Except for some emergency repairs, the soot-blackened walls of its massive auditorium looked much the same as they had the morning after the fireâ€"except that they were deteriorating with each passing year.

Yet when the Memorial Theater was finally demolished, nine years after the fire, a few people stood on Fifth Avenue and wept againâ€"just as they had on the night of May 21, 1976.

They cried because the cranes ripping down the Memorial’s walls had revealed a surprising, somewhat distressing secret.

It seemed that the remodeling effort to create the two “McKee Cinemas” inside the Memorial’s auditorium had left its ornate 1920s details largely intact.

False walls and ceilings had been erected inside the originals. But above the cheap wallboard and fiber ceiling tiles, gilded grape vines still climbed Moorish columns. The mighty proscenium arch, though injured in a few places, was otherwise as strong and graceful as ever.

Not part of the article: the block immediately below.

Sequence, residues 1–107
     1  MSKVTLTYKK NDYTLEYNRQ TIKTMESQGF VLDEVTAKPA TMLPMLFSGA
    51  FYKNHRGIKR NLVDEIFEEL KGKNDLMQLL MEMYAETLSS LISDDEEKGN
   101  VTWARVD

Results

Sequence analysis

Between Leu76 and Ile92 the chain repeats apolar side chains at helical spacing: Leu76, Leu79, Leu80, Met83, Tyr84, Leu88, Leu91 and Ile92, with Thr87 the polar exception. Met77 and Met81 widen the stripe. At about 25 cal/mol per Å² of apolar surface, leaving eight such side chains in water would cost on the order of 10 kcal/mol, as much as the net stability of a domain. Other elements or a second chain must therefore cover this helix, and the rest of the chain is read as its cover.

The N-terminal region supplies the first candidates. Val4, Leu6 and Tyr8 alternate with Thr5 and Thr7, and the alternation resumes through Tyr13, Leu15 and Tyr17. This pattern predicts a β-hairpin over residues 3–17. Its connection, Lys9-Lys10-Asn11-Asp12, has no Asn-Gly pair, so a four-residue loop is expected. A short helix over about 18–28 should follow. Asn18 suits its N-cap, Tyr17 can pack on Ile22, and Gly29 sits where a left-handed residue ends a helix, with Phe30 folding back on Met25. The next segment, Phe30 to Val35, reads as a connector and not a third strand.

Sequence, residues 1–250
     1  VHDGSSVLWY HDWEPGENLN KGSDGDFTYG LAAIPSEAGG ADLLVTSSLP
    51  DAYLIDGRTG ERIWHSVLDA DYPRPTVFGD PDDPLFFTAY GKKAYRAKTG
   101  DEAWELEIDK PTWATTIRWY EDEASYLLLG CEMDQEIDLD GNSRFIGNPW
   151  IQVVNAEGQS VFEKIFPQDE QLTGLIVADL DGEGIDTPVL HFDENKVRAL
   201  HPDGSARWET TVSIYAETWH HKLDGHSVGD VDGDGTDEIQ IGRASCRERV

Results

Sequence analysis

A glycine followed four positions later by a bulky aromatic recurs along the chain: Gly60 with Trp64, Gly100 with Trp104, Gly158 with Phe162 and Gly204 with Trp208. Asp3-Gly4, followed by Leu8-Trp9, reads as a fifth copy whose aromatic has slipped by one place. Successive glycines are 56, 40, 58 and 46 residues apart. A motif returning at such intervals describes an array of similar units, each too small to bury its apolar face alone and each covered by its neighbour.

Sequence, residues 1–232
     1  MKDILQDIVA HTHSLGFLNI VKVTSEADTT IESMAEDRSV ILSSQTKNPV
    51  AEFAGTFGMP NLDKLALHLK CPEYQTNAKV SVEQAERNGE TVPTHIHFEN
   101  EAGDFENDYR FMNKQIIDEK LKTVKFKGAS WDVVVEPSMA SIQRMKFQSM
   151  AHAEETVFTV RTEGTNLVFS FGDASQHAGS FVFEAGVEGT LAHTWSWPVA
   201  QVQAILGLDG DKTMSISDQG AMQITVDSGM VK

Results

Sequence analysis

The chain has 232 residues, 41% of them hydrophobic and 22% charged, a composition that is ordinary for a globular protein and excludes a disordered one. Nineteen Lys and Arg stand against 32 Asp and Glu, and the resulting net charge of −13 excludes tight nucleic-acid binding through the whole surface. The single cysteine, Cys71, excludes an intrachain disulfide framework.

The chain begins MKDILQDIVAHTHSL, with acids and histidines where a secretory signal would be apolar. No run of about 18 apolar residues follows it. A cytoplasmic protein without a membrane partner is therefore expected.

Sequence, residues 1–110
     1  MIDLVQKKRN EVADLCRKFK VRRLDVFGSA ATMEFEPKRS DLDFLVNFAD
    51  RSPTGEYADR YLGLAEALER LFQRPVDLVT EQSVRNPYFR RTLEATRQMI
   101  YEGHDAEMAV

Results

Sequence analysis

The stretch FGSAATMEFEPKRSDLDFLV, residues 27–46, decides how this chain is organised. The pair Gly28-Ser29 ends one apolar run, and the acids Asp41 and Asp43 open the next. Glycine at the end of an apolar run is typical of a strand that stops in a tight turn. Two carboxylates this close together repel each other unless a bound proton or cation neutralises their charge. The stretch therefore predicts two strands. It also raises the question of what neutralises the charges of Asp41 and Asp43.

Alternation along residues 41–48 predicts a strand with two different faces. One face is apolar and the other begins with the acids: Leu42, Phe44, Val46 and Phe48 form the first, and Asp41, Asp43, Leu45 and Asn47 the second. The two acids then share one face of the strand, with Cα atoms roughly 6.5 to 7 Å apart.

And if you squinted through the swirling clouds of dust and debris, you could make out the pale blue ceiling, once decorated with hundreds of twinkling light bulbs to simulate stars.

It was as if the past glories of McKeesportâ€"wiped away first by a massive fire, then by a decade of corporate indifferenceâ€"had come back to taunt the city’s people, one last time.

Patsy
Patsy on January 10, 2005 at 8:54 am

Another very sad demolition theatre story! The fact that it is a demolished Eberson-atmospheric theatre is a very hard pill to swallow!

KRYPTONCOWBOY
KRYPTONCOWBOY on December 5, 2004 at 9:48 pm

The Memorial Theatre was split into a twin and renamed Mckee Cinemas in the late 60’s or very early 70’s. It was destroyed by a fire that wiped out a large chunk of the downtown business district in the mid 70’s.